It used to be that a custom-tailored wardrobe was out of reach for all most the most well-heeled shoppers. But not anymore.
Sites like Indochino and Black Lapel in recent years began to solve this problem at least for men's suits, making it simple to input your measurements, choose things like what kind of collar or cuff you want, and spend as little as $450 for a custom suit or less than $100 for a premium shirt that arrives at your doorstep in less than a month.
But lately the notion of ordering custom-tailored clothing online is gaining momentum with a wider demographic. Here are a handful of sites enticing consumers to open their wallets--and get out the tape measure:
Hand-crafted jeans don't come cheap--in a swanky boutique or upscale department store you'll pay hundreds of dollars for them. OriJeans is a Baltimore-based startup that raised nearly $50,000 on Kickstarter to ramp production of its $99 jeans made with selvedge denim sourced from U.S. and Japanese mills. Once the company starts taking orders sometime in February you'll be able to use the OriJeans website to take your own measurements and designate the kind of cut, color, fabric, buttons, stitching, and distress elements you want in your jeans.
"If you like to wear cuffs, you'll see these cool little color stripes where the denim ends. That's the distinctive mark of selvedge denim," says co-founder Mike Avdeev.
Clothing that lasts for years is a rare thing in the apparel industry where manufacturers often source cheap and low-quality clothing from supplier factories in developing countries where labor and environmental practices can be sketchy, at best. Diametrically opposed to the notion of throw-away clothing, Appalatch touts itself as "an ethically driven outdoor apparel company with a rebellious spirit to upend the clothing industry for the good." The Asheville, North Carolina, startup recently exceeded its $50,000 funding goal on Kickstarter by promising heirloom-quality, American-made, made-to-order sweaters that start at $109.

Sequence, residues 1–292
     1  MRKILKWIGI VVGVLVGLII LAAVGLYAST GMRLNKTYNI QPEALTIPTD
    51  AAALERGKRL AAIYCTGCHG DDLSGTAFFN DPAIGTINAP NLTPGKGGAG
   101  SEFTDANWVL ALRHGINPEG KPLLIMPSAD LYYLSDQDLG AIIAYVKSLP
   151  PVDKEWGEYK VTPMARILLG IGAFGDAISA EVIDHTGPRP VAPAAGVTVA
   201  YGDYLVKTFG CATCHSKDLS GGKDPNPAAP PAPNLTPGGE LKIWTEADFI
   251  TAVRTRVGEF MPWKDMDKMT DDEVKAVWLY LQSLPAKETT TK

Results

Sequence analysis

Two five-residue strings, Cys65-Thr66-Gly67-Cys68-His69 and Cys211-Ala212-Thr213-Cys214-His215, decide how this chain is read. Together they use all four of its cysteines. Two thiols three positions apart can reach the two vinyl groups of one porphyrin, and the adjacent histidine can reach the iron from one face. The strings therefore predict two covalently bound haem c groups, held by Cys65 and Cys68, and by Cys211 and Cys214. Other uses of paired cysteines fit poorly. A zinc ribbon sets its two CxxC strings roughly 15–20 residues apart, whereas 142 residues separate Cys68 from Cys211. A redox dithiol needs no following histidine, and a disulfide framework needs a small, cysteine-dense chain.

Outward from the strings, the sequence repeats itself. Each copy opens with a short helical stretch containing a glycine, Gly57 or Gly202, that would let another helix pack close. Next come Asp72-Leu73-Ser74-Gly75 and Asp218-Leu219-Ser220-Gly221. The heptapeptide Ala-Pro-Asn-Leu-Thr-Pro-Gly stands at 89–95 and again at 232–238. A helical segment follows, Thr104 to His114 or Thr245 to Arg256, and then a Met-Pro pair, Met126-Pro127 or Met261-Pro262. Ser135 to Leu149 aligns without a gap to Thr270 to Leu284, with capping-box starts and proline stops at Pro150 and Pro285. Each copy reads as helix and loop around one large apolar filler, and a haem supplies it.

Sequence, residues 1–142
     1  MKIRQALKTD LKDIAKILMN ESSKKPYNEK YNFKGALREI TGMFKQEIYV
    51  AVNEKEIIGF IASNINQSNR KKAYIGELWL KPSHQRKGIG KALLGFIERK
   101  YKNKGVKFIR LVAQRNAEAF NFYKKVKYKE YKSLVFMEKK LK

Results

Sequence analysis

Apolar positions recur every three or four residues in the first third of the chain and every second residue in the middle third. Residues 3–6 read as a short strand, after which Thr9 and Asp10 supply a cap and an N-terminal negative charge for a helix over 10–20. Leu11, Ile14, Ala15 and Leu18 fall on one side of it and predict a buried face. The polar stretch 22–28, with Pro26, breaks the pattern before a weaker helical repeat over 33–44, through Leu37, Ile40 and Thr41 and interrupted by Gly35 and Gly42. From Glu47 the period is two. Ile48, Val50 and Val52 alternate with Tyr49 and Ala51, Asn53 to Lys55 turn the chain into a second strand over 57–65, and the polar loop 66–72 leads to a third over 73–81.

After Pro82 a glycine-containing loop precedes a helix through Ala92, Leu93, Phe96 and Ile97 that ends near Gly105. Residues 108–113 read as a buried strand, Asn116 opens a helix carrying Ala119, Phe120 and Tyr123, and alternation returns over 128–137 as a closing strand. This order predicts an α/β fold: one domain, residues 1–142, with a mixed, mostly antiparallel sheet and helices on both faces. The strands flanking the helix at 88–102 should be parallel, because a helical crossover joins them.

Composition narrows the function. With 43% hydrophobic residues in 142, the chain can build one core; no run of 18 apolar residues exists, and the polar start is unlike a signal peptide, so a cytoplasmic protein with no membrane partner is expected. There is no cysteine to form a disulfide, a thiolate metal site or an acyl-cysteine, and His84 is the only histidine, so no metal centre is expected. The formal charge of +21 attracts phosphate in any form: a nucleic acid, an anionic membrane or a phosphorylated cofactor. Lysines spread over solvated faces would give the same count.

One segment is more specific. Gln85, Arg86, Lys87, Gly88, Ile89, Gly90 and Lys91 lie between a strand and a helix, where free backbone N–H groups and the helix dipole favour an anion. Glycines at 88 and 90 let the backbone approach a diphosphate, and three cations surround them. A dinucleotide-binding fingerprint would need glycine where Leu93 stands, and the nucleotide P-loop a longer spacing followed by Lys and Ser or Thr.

Co-founders Mariano DeGuzman and Grace Gouin say their sweaters are 3D-printed on a special machine that uses a computer program to knit a custom sweater in less than an hour with no waste. Customers only need to give Appalatch measurements such as waist and chest circumference and arm and torso lengths. "We are going to be the first company in the world to make custom-fit sweaters on a mass scale," DeGuzman says.
Kickstarter supporters will start receiving their sweaters in September while everybody else can begin ordering them in October, if not before, the duo predicts.
This high-fashion startup used funds from its successful Kickstarter campaign to secure space and machinery at the historic McRoskey Mattress Company in San Francisco. Artful Gentleman specializes in high-end suits that start at $1,800 and are measured, cut and sewn by hand. It also offers a cadre of "in demand ready-to-wear" items online that can be purchased in a Kickstarter sort of way, meaning if enough people commit to buy a particular article of clothing Artful Gentlemen will produce it.
Chief creative and head designer Jake Wall gripes about some online and supposedly custom clothiers that simply tailor precut and mass-made standard sizes. Not only does Artful Gentleman pattern and cut every piece of its clothing individually for each client, Wall says the company offers customers more than 300 luxury fabric samples to choose from for suiting, separates and shirting.
MyOwnShirts co-founder Matt Berwick came up with the idea behind this Oxford, U.K.-based website while working on contract in Shanghai and discovering the luxury of bringing a personal tailor into his living room.
MyOwnShirts lets users virtually design their own collared shirts, choosing features such as fabric, type of collar and cuff, pockets, and how the length is cut. All you do is click your preferences, enter your measurements, and MyOwnShirts cuts and sews each shirt individually.
It's a great idea but seems to have a publicity problem. So far MyOwnShirts' Indiegogo campaign has only raised about a third of its $30,000 goal which it set to purchase a first collection of fabrics. Even so, the campaign will receive funds even if it doesn't reach its goal so the company may still be able to start production albeit with a smaller inventory.
Have you tried any of these? If so, how was the experience?